The regulation is designed to prevent a loophole that enabled some low-cost airlines to pick the least-generous social security systems and apply these to their crew, on the basis of their job mobility.
Since each country is free to determine its own social security system, many different rules exist.
Under the rule change adopted in Strasbourg, pilots and cabin crew will have a home base member state – defined as the place they normally start and end work, and where they have their own accommodation – where they will have a right to social security.
Irish media reported that the new rules could mean Ryanair would face rising social welfare costs as 8,500 cabin crew and pilots at the low-cost carrier now have Irish work contracts.
Ryanair spokesman Peter McNamara criticised the change: "This is another example of how the EU introduces regulations which serve no purpose other than to increase the cost of air travel and reduce competitiveness between EU states," he told the Irish Examiner.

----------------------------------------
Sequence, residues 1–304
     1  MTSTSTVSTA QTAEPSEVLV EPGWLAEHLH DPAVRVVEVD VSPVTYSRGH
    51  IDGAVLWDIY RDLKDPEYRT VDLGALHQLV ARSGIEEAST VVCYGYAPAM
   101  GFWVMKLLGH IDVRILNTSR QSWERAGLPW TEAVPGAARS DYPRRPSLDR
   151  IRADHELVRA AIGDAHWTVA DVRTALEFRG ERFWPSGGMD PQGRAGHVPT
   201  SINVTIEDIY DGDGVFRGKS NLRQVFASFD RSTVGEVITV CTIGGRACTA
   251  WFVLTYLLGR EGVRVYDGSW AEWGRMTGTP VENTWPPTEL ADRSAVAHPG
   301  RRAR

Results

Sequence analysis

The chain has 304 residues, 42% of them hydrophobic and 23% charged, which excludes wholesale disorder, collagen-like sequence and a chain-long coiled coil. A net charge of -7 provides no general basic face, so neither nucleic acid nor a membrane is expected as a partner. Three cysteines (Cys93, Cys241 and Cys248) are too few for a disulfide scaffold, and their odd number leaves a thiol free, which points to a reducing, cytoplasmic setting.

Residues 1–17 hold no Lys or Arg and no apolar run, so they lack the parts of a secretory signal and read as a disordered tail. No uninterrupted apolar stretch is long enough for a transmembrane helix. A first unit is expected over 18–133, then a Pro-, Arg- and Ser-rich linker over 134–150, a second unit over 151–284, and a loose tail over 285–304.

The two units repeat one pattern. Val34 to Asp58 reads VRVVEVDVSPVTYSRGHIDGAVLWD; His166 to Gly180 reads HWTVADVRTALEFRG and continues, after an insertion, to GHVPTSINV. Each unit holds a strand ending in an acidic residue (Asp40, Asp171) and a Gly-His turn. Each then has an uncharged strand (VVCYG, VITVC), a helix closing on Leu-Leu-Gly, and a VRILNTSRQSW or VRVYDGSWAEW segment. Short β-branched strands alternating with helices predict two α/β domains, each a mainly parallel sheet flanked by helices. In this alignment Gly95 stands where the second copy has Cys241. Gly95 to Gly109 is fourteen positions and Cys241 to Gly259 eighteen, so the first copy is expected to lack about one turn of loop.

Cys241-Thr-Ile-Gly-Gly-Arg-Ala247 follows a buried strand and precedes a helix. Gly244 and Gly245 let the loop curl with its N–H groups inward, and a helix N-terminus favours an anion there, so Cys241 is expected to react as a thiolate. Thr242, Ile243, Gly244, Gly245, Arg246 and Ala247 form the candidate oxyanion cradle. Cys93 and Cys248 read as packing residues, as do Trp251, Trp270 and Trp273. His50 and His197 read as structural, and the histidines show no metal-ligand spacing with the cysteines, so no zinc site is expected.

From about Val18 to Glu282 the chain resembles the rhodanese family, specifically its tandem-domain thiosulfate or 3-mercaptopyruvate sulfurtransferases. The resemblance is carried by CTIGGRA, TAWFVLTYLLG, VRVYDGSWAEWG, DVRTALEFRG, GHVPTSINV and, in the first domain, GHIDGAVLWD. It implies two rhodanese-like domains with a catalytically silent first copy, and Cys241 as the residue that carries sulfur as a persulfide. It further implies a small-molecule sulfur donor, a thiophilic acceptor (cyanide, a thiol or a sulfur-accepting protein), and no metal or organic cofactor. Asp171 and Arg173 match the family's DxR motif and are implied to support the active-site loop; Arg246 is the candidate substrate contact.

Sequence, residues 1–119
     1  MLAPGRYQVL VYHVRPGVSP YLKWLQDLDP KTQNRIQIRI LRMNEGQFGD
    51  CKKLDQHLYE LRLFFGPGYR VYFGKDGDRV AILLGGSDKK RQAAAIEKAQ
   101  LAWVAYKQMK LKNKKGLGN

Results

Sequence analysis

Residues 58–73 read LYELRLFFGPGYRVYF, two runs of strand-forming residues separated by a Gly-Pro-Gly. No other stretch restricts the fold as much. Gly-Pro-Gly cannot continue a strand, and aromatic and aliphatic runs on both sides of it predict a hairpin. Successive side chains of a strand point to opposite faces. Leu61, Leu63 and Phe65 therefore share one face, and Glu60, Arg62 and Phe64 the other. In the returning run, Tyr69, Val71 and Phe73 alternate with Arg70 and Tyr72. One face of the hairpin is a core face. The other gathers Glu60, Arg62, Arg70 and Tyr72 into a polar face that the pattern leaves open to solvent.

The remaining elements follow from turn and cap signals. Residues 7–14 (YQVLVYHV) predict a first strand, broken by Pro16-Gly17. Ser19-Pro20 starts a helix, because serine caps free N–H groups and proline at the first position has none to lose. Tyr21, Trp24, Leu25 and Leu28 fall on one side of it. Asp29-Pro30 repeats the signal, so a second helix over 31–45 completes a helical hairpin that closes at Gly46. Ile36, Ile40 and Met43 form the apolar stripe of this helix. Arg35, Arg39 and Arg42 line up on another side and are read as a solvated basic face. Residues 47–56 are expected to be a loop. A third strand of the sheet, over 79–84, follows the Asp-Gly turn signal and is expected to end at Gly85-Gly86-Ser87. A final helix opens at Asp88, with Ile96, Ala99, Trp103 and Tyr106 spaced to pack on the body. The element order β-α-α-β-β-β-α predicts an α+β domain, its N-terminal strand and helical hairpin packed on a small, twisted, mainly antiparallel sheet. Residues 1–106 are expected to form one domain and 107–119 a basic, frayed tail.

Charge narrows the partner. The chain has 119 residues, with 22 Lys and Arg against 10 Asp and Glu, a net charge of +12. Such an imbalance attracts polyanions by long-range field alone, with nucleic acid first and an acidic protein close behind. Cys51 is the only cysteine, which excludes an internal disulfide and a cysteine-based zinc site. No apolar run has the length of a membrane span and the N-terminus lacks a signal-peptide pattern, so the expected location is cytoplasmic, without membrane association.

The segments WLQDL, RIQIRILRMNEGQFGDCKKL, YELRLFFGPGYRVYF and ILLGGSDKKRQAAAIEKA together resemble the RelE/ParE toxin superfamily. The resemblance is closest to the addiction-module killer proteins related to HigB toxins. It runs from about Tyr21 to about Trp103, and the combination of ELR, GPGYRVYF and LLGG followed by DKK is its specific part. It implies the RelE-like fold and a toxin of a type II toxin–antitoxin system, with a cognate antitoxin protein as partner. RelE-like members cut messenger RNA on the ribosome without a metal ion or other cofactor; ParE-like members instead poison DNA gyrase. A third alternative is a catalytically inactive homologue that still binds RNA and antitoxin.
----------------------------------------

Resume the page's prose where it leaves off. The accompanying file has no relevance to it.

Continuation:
Self-employed also benefit
The new regulation also clarifies access to unemployment benefits for self-employed workers who return to their home countries at least once a week.
If such workers contribute to unemployment schemes in another EU country, but return to a country where jobless benefits are not available for the self-employed, then the country where they last worked will be obliged to pay the benefits.
The regulations were overwhelmingly adopted by the Parliament and were welcomed by all political groups.
The rules apply to the 27 EU countries, Iceland, Liechtenstein, Norway and Switzerland and replace the need for a large number of bilateral agreements. They also speed up the exchange of social security information to ensure faster calculation of benefits and rights.